Communicating 21st century statecraft: Evaluating the paradigm shift argument
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This project examines how social media is being used by individuals within the State Department engaged in public diplomacy and how the use of these technologies may or may not represent a paradigm shift in diplomatic operation. Assessments of social media and government in popular culture argue a fundamental shift has taken place in government operations. Yet this argument calls for theoretical examination using communication theory and via examination of organizational praxis. Using Ammon's criterion for paradigm shift in communications technology and diplomacy, I evaluated State's current program of social media and public diplomacy called 21st Century Statecraft. I conducted a content analysis of organizational Twitter feeds and also interviewed actors within the organization working with public diplomacy and social media. I also examined historical accounts of State's Voice of America radio program, and compared current organizational uses of social media with the appropriation of radio in the second half of the 20th century. The results suggest that paradigm shift has not yet occurred despite the uses of the new technologies. In many cases, social media is being used akin to technologies from previous paradigms due in part to the constraints of organizational structures. Twitter platforms were used as spaces to push information and policy to the masses, similar to the ways in which radio was used after World War II and throughout the Cold War. Organizational actors characterized social media as a tool to accomplish public diplomacy, not as the change agent those outside of the organization have argued it to be. They described organizational challenges of incorporating social media including questions of voice, information control, and doing 'in-reach' inside the organization. Finally, they described aspects of the interaction that took place as an opportunity to create dialogue amongst interested citizens around the world and to come into face-to-face contact with individuals outside the embassy. Although anomalous practices have begun to emerge as a result of new media's use in the State Department, we have not reached what Kuhn would term a 'critical mass,' necessitating a shift in worldview and practice.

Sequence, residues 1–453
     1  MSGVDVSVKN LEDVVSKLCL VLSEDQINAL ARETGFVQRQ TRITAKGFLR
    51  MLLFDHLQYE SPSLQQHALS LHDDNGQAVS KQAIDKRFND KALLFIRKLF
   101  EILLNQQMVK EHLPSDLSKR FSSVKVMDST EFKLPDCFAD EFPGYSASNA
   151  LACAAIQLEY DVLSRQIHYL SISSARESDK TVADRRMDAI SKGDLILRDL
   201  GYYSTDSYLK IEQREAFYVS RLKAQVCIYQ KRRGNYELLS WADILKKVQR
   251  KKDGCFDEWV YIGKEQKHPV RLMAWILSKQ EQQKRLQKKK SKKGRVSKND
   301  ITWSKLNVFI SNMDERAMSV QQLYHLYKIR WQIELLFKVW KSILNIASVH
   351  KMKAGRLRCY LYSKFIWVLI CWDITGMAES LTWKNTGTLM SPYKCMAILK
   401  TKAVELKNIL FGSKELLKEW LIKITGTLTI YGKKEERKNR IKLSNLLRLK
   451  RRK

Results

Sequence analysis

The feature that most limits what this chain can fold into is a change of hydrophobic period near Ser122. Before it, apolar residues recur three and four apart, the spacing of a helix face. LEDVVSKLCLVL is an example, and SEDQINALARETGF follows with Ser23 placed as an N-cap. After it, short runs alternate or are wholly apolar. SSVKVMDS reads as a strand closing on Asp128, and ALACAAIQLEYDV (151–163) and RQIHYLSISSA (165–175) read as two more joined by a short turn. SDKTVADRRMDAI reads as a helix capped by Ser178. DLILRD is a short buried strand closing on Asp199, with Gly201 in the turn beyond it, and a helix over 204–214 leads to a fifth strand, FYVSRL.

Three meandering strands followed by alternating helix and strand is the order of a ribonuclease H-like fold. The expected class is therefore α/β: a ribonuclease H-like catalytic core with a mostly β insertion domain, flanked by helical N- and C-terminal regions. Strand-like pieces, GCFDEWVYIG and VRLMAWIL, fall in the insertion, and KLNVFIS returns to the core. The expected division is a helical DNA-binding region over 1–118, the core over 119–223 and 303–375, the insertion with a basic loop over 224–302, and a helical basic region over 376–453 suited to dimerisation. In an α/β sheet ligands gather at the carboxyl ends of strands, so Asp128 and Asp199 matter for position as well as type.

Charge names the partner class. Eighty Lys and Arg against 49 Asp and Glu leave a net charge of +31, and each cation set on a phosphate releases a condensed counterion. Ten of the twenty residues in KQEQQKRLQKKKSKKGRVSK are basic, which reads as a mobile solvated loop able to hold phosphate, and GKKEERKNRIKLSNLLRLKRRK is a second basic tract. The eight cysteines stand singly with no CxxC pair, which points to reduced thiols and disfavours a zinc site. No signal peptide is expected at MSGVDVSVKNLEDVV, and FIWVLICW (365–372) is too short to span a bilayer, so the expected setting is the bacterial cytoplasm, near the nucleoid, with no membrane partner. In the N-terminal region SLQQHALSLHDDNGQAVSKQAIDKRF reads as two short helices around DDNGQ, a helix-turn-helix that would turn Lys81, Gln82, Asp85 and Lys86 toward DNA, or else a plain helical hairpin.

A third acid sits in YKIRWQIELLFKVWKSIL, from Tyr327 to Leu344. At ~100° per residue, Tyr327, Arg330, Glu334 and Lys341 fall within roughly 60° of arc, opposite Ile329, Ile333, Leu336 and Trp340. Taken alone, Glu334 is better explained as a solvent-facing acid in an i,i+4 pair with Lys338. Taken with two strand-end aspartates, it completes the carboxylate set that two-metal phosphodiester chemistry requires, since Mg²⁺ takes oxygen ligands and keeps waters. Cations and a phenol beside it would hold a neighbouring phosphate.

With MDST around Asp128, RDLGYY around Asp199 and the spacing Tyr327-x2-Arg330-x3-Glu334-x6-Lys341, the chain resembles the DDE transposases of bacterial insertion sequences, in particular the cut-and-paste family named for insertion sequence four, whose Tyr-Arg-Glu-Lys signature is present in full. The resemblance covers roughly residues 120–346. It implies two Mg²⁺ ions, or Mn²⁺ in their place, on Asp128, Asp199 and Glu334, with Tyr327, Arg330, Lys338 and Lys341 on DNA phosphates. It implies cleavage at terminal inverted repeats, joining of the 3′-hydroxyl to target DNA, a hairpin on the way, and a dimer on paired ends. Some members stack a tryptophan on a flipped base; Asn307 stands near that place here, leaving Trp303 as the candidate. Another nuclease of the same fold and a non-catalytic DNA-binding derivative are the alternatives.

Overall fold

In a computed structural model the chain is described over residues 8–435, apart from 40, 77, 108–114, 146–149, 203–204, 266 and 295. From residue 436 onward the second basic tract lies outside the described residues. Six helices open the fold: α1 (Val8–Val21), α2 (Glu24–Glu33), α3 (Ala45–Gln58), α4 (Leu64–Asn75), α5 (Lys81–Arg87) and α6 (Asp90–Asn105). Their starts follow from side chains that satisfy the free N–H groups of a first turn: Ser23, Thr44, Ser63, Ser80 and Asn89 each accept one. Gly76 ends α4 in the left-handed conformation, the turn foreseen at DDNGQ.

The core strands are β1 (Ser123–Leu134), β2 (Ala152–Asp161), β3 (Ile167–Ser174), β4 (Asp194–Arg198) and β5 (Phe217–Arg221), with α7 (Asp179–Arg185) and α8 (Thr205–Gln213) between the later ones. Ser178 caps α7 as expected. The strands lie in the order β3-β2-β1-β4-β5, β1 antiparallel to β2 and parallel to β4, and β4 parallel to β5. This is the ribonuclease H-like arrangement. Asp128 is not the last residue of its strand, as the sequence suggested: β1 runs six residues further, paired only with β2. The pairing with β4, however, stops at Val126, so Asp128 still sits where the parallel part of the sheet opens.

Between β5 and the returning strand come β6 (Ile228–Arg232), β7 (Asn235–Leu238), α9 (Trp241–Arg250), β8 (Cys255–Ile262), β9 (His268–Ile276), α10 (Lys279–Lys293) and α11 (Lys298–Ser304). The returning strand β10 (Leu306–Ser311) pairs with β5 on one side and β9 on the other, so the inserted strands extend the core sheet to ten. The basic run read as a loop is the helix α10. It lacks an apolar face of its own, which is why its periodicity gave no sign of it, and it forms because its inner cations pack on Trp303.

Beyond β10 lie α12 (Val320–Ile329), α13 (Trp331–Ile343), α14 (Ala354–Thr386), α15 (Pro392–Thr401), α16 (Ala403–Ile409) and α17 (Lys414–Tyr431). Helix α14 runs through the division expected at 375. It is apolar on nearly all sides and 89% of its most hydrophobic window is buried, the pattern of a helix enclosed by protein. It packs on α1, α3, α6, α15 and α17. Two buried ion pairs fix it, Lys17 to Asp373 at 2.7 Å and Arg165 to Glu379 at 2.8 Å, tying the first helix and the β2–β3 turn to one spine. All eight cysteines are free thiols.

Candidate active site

Chinn, Jacquelyn Nicole (2011). Communicating 21st century statecraft: Evaluating the paradigm shift argument. Master's thesis, Texas A&M University. Available electronically from